Book review: Microsoft Silverlight 5 and Windows Azure Enterprise Integration

Disclaimer: I received a copy of this book from Packt Publishing.

The author, David Burela, though I didn’t hear about him before seems to be well known in the Australian community.

When you look at the contents of the book it looks like it’s covering the main integration parts with Windows Azure.

- Hosting Silverlight Applications in Azure
- Using Azure Queues with Silverlight
- Accessing Azure Blob Storage from Silverlight
- Storing Data in Azure Table Storage from Silverlight
- Relational Data with SQL Azure and Entity Framework
- RIA Services and SQL Azure
- Exposing OData to Silverlight Applications
- Application Authentication

The author expects you to already have some Silverlight knowledge and thus won’t explain the Silverlight parts in too much detail. My experience with Windows Azure is small, which makes me probably part of the target audience. The introduction helps you understand what Azure is, a good refresher for me. After that, chapter after chapter there’s an explanation on how to integrate Silverlight with the backend, running on Azure. All in all it stays very basic and a couple of times it refers to some MSDN pages for the details. Though I agree that copying information that’s already on the web is probably not a good thing, I was reading the book on the bench and this means, no details for me at the time. I would rather have a book that is complete and puts these kind of additional parts in an Appendix.

In the end I didn’t feel satisfied. Most of the integration was more like, you integrate with WCF and that WCF will integrate with Windows Azure. This doesn’t have anything to do with the book itself, the content is good. However is a book like this really needed? You have to judge that yourself. It is an engaging book that will introduce Windows Azure to Silverlight developers.

Getting Astoria to work with ADO.NET Entity Framework Beta 2

Hmm, still trying to test Astoria out, this time in combination with ADO.NET Entity Framework Beta 2. Still not succesful however. I noticed the following things.
  • When I try to add a "Web Data Service", I got stuck in a Visual Studio error. Error: this template attempted to load an untrusted component 'msastoriavs, Version=2.0.0.0, Culture=neutral, PublicKeyToken=31BF3856AD364E35'. For more information on this problem and how to enable this template, please see documentation on Customizing Project Templates.
  • Besides this I compared the Entity Model I created, they greatly differ between Beta 1 and Beta 2.
    • The extension is changed from .csdl to .edmx.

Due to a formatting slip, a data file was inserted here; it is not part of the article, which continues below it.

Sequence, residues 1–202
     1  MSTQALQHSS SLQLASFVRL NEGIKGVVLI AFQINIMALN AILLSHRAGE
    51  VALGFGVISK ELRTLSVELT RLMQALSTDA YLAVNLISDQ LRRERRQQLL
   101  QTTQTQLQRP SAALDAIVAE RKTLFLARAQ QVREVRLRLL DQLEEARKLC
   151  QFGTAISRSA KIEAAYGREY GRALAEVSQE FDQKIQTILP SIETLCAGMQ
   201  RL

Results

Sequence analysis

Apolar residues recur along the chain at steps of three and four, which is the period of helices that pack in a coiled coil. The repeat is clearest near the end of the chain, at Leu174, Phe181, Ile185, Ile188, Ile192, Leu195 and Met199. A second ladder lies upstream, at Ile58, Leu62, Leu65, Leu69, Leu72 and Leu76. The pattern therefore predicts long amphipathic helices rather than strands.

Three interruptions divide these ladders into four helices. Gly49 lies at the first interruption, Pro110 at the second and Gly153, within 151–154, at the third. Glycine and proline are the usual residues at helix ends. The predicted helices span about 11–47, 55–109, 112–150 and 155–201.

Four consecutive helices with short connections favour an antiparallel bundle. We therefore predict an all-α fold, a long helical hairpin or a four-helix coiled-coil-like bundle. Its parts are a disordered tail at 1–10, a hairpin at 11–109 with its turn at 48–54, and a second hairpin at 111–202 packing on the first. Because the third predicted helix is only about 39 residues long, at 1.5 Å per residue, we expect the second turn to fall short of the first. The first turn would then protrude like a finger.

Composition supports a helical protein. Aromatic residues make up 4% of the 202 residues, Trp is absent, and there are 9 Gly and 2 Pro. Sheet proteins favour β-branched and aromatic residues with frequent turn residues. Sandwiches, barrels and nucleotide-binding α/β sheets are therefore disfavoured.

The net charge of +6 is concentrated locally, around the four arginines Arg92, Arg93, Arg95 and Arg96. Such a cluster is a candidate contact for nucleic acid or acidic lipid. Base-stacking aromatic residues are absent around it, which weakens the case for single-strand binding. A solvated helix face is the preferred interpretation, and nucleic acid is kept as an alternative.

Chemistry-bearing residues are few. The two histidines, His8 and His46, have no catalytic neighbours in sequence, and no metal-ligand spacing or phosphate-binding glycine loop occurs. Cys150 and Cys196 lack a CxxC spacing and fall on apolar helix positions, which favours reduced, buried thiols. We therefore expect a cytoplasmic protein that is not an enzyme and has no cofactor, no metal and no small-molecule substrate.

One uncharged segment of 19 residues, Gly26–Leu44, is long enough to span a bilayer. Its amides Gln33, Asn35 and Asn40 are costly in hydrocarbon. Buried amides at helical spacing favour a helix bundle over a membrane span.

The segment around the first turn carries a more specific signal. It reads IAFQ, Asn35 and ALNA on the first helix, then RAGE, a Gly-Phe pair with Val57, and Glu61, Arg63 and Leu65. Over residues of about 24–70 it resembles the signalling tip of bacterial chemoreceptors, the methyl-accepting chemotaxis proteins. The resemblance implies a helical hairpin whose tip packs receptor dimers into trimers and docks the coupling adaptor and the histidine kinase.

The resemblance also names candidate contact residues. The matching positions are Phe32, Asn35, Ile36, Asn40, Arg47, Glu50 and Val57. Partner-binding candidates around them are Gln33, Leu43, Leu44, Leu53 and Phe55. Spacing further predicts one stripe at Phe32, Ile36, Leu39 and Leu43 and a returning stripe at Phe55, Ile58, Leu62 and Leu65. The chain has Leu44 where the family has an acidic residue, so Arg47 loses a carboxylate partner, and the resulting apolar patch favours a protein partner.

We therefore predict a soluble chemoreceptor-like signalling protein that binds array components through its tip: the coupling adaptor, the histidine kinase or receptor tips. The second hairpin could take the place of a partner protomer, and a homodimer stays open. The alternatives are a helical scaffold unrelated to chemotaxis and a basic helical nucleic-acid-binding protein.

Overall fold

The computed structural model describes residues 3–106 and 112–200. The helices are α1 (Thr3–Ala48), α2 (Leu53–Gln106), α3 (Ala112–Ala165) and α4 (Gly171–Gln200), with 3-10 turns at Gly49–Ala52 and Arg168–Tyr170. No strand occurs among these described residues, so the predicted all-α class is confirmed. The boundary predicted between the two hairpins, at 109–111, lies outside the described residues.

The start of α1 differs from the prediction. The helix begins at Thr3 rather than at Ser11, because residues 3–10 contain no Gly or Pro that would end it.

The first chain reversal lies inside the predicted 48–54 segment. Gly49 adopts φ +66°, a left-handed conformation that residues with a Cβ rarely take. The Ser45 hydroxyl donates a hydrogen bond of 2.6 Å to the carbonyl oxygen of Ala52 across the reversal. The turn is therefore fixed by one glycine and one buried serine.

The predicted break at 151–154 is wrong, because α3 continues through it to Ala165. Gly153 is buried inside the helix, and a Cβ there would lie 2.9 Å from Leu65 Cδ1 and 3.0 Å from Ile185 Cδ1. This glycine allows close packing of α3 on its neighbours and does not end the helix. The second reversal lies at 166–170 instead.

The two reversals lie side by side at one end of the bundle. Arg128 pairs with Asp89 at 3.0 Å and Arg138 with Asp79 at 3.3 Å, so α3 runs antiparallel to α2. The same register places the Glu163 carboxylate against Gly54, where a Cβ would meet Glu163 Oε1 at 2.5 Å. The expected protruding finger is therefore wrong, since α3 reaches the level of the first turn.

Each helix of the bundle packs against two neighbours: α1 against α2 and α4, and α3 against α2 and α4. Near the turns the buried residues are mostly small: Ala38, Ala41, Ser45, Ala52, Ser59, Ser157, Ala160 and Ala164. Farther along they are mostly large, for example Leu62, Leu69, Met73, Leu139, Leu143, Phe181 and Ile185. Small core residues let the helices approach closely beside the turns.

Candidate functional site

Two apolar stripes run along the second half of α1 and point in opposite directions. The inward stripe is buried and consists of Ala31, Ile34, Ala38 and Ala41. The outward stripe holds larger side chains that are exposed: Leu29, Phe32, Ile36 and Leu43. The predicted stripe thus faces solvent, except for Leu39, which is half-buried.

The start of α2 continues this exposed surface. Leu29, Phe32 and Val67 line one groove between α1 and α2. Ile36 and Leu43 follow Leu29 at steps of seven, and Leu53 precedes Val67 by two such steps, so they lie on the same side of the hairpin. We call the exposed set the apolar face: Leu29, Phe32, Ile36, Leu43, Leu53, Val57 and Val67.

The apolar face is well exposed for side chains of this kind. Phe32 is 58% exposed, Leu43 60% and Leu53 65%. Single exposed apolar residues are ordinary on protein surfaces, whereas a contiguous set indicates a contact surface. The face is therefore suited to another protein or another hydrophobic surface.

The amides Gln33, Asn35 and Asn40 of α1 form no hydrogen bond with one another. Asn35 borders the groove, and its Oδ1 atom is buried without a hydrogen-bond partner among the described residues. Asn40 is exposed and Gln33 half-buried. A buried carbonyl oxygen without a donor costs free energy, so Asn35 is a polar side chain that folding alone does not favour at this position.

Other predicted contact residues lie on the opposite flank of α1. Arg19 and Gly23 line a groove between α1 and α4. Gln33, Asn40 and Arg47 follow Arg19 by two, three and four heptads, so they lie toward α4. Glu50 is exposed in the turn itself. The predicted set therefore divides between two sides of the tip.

• The schema-prefix changed from edm: to edmx:
My conclusion so far. The projectteam for Astoria has to do some work to make Astoria work with Beta 2 of ADO.NET Entity Framework.

Using Astoria Service for setting up Getting Things Done Data Service

A few days ago I wrote about trying out Astoria. Yesterday I started trying out. First I thought about using Astoria local, but that wasn't succesful. On the Astoria Getting Started Guide it says you need to have Visual Studio 2008 Beta 1 in combination with Astoria. In my case I already have Visual Studio 2008 Beta 2, which in case doesn't have ADO.NET Entity Framework available. And as a matter of fact Astoria is built on top of WCF and makes use of the ADO.NET Entity Framework. But that's no problem for setting up your own Astoria Data Service. Below are the detailed steps I took. entitymodel.jpg First of all I designed my rough model in Visio. Using the central entity Task and all the other things around Task like: Project, Context, Priority and User. The model is designed with Getting Things Done in my mind. A topic I blogged about some time ago. This tryout wasn't about building a complex model, it was all about getting started with Astoria. So let's translate this model in ADO.NET Entity Model. One thing before you start: I've had some trouble because the setting up of the model took me some time, and I wasn't able to complete because of some small error in the Session. Fast setting up does work though. First you need to set up some basic settings about your Data Service you're setting up. After this you need to create the entities, properties on those entities and all the assocications. Take a look at the images on the bottom for the way I translated the entity model to Astoria. After this I just completed the service. Next time I'm going to use the Getting Things Done Data Service to read and write data. Do you think this is an interesting service? At least, I do. step-1.jpgstep-2-priority.jpgstep-2-user.jpgstep-2-context.jpgstep-2-project.jpgstep-2-taskproject.jpgstep-2-taskcontext.jpgstep-2-task.jpg

Codename Astoria - Data Services Technology and Free Service

Microsoft is working on a project called Astoria. It consists partly of a new technology acompanied with a library and partly of a free service. It's a data service that is reachable over regular HTTP requests and standard HTTP verbs such as GET, POST, PUT and DELETE. The data is formatted as plain XML, JSON or RDF (experimental). The service that is acompanied is a hosting service for this data service. You will get a 100 MB data service hosting for free. The Astoria runtime library makes use of the ADO.NET Entity Framework part of Visual Studio 2008 and .NET 3.5 and is built on top of Windows Communication Foundation. I'm very interested in this new technology. I might try it sometime in the future. But we have to remember this service is experimental. It might even cease to exist some day.